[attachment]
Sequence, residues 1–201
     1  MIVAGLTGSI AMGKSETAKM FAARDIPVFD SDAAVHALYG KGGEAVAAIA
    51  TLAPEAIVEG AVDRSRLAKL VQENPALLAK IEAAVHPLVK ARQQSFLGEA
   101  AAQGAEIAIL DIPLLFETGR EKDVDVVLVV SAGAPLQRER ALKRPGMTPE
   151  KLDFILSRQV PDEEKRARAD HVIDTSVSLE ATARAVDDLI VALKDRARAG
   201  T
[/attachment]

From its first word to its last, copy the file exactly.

Sequence, residues 1–201
     1  MIVAGLTGSI AMGKSETAKM FAARDIPVFD SDAAVHALYG KGGEAVAAIA
    51  TLAPEAIVEG AVDRSRLAKL VQENPALLAK IEAAVHPLVK ARQQSFLGEA
   101  AAQGAEIAIL DIPLLFETGR EKDVDVVLVV SAGAPLQRER ALKRPGMTPE
   151  KLDFILSRQV PDEEKRARAD HVIDTSVSLE ATARAVDDLI VALKDRARAG
   201  T